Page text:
More than 2.2 million Californians are out of work," she said. "Think about what that means. Think about the number of heartbreaking conversations that have taken place: Employers telling long-time employees they must go, husbands telling wives that they can't afford their homes and parents telling children their college dreams are over."
Adding to these concerns, Whitman said the state's infrastructure hasn't kept pace with population growth, with rapid transit, highway and water delivery systems lagging behind.
"We also have a kindergarten through 12th grade education system that we must once and for all turn around," she added. "What is tragic about this, and you probably know this, is that back in 1956 we had the No. 1 public school system in America. People moved to California to put their children in this public school system. But last year we were rated 48th out of 50 states.
"So over the last 50 years we have effectively lost one rating point every single year," she noted. "We have to turn this around. It is not acceptable to deny the vast majority of our children an opportunity at the California dream and ultimately the American dream."
Whitman continued: "We also have a state that is effectively bankrupt with revenues right now running about $1 billion a month below forecasts. So we have to fundamentally change the financing architecture that runs the state. So that is why I decided to run and here is what I want to do."
As governor, Whitman said she would focus on job creation, cutting state spending and fixing the state's "broken" education system.
First and foremost among Whitman's priorities are jobs, which will require fixing the fundamental economic engine that drives California businesses and keeps them in the state. Thirty years ago, companies wanted to do business in California. That's changed, Whitman pointed out, citing a recent Forbes magazine article rating California 50th out of 50 states as the best places to do business.
"In the last 30 years, Arizona, Nevada, Colorado and Utah have stepped up and they are competing for our jobs," she said. "I know. When I was CEO of eBay, I frequently got calls from governors around the country trying to get me to move business to their states.
"If I'm elected, you can bet I'll be burning up the phone lines to businesses in Nevada, Utah, Colorado, Texas, and beyond," she added. "As my husband would say, it's not brain surgery; it's economics."
Whitman's second priority would be to balance the budget and cut state spending. She said the state doesn't have a revenue problem, it has a spending problem "of epic proportion."
"Two facts you should know," she said, "for the last 10 years California state spending has increased by 80 percent. Has state aid gotten better? Have the school become 80 percent better? Do we have 80 percent more people? There's a tremendous opportunity to run this state much more efficiently."
She said that while others seeking the governor's post say there are only two ways out of the budget deficit mess, she suggests a third.
"It's called getting the government under control," she explained. "There are 357,000 people who work for the state, up from 313,000 just five years ago, although revenues in the state are about where they were five years ago. I will work to get the number of people who work for this state back down to that same level."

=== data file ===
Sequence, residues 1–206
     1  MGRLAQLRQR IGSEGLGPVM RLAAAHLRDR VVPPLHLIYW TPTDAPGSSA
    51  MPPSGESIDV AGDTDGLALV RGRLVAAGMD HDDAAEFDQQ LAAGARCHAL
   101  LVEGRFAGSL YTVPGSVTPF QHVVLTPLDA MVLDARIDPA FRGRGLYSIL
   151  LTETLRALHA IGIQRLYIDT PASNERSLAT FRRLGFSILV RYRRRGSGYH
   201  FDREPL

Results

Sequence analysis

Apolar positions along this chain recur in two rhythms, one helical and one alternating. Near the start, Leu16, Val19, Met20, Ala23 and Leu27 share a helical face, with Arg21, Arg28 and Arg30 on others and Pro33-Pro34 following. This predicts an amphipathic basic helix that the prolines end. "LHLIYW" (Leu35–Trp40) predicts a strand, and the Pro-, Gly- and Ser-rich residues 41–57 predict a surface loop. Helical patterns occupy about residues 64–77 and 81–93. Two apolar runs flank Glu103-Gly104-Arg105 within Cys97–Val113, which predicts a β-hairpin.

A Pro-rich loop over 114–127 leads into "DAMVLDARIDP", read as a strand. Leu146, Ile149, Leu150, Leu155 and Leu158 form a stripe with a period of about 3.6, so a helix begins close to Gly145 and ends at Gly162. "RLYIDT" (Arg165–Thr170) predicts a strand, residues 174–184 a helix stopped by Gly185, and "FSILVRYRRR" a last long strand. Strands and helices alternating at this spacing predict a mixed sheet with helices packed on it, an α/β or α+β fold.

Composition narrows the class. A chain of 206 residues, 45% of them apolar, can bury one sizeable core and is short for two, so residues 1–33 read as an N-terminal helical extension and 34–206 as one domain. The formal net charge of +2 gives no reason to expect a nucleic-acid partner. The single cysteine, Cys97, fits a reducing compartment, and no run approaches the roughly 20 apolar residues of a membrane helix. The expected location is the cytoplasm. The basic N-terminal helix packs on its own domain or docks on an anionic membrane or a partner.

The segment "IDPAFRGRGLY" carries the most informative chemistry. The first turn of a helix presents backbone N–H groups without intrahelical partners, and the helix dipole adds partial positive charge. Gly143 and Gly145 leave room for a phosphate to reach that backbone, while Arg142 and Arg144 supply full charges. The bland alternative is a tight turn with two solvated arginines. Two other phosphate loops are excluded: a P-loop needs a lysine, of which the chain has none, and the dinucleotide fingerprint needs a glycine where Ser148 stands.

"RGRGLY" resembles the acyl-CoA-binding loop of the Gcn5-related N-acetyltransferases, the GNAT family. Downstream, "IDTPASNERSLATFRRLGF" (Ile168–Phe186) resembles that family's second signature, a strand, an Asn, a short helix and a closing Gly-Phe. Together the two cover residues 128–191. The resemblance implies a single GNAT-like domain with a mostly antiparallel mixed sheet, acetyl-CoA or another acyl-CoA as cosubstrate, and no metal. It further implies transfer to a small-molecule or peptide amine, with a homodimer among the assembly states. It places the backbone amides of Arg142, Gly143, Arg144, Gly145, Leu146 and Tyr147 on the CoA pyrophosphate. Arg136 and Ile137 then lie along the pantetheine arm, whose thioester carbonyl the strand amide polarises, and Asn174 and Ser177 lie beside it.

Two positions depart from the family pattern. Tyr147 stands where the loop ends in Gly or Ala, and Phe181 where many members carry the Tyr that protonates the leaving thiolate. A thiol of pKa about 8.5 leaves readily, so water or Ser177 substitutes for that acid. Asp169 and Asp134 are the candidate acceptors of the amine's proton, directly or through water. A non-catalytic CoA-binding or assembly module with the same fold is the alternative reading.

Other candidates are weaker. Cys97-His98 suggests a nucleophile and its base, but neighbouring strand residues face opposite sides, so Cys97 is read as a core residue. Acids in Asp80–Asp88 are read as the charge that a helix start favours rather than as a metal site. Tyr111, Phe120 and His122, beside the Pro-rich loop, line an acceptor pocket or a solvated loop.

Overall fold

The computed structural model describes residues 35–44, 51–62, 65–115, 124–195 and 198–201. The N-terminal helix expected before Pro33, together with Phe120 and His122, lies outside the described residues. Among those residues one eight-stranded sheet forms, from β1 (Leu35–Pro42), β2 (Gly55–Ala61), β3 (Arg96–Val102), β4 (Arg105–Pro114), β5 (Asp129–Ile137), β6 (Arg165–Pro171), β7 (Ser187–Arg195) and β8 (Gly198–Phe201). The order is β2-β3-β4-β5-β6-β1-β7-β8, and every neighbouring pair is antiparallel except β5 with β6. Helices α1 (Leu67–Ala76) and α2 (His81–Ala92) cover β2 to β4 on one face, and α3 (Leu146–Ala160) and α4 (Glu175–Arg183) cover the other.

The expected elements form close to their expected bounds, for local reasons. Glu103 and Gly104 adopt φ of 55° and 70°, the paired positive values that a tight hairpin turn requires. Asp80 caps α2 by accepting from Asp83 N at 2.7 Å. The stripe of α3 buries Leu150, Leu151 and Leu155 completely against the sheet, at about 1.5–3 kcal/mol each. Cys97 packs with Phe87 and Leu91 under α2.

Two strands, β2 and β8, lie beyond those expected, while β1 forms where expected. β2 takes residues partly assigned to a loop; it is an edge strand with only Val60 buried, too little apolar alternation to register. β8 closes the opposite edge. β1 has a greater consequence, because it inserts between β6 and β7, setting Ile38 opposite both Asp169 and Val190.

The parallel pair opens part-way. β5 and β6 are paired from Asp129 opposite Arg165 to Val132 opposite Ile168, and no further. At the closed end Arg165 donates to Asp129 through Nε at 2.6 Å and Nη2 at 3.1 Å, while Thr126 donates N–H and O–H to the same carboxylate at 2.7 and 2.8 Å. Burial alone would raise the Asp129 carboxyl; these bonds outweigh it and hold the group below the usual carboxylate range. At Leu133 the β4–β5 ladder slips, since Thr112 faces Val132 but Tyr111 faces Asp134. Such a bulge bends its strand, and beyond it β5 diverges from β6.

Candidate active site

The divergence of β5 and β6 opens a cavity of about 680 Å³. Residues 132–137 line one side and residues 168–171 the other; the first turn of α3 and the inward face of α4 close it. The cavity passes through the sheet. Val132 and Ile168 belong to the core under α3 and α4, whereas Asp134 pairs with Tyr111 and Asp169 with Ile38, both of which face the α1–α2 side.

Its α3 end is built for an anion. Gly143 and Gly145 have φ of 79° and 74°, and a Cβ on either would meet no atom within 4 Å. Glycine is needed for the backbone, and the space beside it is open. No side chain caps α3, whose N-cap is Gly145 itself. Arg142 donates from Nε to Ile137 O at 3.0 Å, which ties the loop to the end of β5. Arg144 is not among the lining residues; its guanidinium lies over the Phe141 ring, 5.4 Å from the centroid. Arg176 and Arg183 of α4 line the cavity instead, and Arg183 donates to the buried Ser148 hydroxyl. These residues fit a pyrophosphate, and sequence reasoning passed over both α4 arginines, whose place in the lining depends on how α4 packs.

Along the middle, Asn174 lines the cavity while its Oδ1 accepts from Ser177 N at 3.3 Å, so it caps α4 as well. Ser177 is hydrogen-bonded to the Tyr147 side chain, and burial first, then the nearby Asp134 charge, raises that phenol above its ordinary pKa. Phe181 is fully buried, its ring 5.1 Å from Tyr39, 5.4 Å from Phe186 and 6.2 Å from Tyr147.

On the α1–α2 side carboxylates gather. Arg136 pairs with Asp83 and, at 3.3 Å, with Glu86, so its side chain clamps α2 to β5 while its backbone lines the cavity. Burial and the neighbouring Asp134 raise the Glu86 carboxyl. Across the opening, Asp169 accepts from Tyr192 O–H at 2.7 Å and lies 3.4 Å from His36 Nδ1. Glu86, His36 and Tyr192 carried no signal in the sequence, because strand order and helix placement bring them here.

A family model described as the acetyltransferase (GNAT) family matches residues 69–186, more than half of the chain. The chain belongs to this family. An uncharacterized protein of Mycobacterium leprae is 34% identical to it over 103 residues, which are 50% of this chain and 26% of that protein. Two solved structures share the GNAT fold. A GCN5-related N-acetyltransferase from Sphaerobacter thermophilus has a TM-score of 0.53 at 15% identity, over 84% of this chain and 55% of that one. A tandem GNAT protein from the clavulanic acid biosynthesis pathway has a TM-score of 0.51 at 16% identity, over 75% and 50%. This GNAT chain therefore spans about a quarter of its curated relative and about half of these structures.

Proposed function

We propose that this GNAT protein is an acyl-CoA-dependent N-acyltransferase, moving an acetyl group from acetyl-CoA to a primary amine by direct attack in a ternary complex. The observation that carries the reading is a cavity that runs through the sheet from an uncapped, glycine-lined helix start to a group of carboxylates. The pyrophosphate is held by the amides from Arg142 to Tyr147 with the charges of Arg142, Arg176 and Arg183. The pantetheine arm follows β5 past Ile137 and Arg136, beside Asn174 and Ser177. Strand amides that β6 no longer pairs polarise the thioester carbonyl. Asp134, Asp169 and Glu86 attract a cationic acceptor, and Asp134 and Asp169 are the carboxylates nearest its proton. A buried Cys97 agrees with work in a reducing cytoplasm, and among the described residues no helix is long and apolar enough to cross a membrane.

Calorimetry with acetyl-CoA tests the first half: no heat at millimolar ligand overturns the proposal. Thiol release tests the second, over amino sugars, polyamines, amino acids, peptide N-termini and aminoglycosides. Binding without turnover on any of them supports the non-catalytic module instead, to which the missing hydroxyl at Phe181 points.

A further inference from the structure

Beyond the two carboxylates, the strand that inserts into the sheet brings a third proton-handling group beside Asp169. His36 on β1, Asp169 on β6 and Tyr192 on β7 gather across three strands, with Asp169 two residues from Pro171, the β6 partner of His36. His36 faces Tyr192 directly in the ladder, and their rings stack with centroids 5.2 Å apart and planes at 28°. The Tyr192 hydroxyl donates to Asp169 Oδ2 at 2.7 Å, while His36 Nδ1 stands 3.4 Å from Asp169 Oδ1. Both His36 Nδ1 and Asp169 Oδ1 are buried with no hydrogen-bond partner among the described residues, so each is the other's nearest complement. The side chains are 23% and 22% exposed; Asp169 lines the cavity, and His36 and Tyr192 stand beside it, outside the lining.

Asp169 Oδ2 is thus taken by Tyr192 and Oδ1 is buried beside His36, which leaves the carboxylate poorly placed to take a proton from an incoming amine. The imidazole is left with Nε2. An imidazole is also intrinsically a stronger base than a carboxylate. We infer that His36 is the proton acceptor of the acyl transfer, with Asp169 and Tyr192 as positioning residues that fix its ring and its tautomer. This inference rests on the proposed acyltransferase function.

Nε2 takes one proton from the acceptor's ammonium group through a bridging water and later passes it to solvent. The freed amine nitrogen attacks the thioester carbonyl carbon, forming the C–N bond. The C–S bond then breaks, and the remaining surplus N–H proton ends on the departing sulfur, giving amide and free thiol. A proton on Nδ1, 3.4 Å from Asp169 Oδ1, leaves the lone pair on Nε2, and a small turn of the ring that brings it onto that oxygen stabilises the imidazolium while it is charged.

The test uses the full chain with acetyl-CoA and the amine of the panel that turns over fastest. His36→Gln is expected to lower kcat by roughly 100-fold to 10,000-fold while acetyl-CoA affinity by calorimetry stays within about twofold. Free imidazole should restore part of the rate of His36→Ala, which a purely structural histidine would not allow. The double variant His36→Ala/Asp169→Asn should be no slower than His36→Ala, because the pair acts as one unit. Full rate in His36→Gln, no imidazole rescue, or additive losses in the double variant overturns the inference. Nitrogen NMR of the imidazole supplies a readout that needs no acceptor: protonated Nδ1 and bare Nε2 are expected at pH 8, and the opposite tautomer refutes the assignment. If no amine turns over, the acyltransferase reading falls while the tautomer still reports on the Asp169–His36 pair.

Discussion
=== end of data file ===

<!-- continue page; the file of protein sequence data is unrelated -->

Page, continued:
Whitman said her third priority as governor will be to change "the trajectory of our schools."
"While we have some very fine public schools here in Pleasanton and in other parts of the state, the vast majority of schools are not doing the job. Otherwise we would not be rated 48th out of 50 states," she said.
"When I started on this journey, a number of people came to me and said that California is too big, too diverse, with too many languages spoken to excel in education," she continued. "But other big and diverse states have met that challenge and are doing a better job."
She said Jeb Bush, when he was governor of Florida, changed that state's formula 11 years ago to start grading every single public school, and then state educators made those grades public. He also increased the number of charter schools dramatically. These are regular public schools but they operate with a lot more autonomy with teachers and principals better able to deal independently on academic and student issues affecting their schools.
"He (Jeb Bush) created a system to pay teachers more for performance," Whitman said. "The results have been dramatic. Florida has moved up in the ratings scheme in last 10 years about 10 points where California has gone from 38th to 48th. So this is not demography or destiny, it is a different approach."
Interrupted by applause numerous times, Whitman was praised by those attending the Pleasanton meeting.
"I believe that Meg Whitman has a clear vision of how to create jobs in California and a real understanding of how California can regain its competitive advantage as a market leader," said Judy Lloyd, president of Altamont Strategies.
"I can't imagine an individual more suited to take on the challenging public policy and budget issues before our state," Lloyd added. "She has an advantage over her competitors -- Democrats and Republicans -- because she understands business and has spent the majority of her career outside of Sacramento. Businesses will thrive with Meg Whitman as our governor."